And one of the most pressing problems in Oberhausen's local traffic was the development of the west of Oberhausen up to the Duisburg city limits, as well as the connection between Mittelmeiderichs and Oberhausen. The development of Obermeiderich happened almost on the side. The matter of the new means of transport in Oberhausen was approached very carefully. On Thursday, June 18, 1925, Stadtwerke Oberhausen started bus traffic with the first and initially only municipal Oberhausen bus from the then Oberhausen train station via Goebenstrasse, Grenzstrasse and Alstader Strasse. In Obermeiderich, the residential areas around Koopmannstrasse, the cemetery and, last but not least, the "tar recycling" were served by the bus and connected to the traffic junction at Meiderich Südbahnhof.
This bus line, around nine kilometers long, is the nucleus of today's bus operation of Stadtwerke Oberhausen GmbH. The omnibus supplemented the tram network until the 1960s. The founding of Groß-Oberhausen by amalgamating Oberhausen with Sterkrade and Osterfeld on August 1, 1929 meant that the bus service of Stadtwerke Oberhausen was also expanded there.
The bombing of the Second World War left the tram and bus operations of the Stadtwerke Oberhausen with immense damage. While the tram network was painstakingly rebuilt, but not expanded, the omnibus was increasingly given the task of developing new housing developments that could not be reached by trams. This made the tram's junior partner more and more important. But on the main axes within the city and to the neighboring cities, the tram continued to carry the bulk of the local traffic.
The situation changed in the first half of the 1960s. As the first tram line, line 4 from Lirich via the main station and Marktstrasse to Dümpten was switched to omnibus traffic on January 1, 1964. Further changes from tram routes to omnibus traffic followed before July 5, 1965, when the city council of Oberhausen decided to abandon the tram in favor of the sole omnibus operation. On October 19, 1974, the last tram left Oberhausen for the time being in the direction of Bottrop. From October 20, 1974, all local public transport in Oberhausen was handled exclusively by buses. A finely branched bus route network was established.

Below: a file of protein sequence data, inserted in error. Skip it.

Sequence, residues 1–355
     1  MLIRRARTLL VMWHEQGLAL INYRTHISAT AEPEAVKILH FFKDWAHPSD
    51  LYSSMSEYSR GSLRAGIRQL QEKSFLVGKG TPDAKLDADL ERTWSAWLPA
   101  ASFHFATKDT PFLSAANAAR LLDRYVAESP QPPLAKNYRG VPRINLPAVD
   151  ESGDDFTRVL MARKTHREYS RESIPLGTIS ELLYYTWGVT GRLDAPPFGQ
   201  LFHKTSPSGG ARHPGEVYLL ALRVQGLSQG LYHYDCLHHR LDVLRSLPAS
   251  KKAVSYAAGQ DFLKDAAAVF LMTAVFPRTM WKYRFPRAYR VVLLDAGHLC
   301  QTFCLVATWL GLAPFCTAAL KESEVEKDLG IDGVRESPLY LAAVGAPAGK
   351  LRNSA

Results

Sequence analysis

The decline of heavy industry, especially Gutehoffnungshütte, gave the city the opportunity to create a "New Center" on an old industrial site around 1990, which required an appropriate public transport connection. On June 1, 1996, the "public transport route" was put into operation on the disused railway lines between Oberhausen main station and Sterkrade station. Associated with this was the reintroduction of the tram in Oberhausen on the north-south main axis and the conversion of the bus network to a two-stage network with SB (express bus) lines on the main connections and city lines for the extensive development of the city area.
The public transport route, which is exclusively reserved for local transport with trams and buses, is unparalleled in Germany. The attractiveness of the bus service in Oberhausen has increased significantly with the opening of the public transport route and the introduction of the self-service lines from 1996 onwards. What began with a bus on Thursday, June 18, 1925, continues today with 121 buses: modern local transport for Oberhausen.
Text: Dirk-Marko Hampel MA, historian and cultural scientist, Oberhausen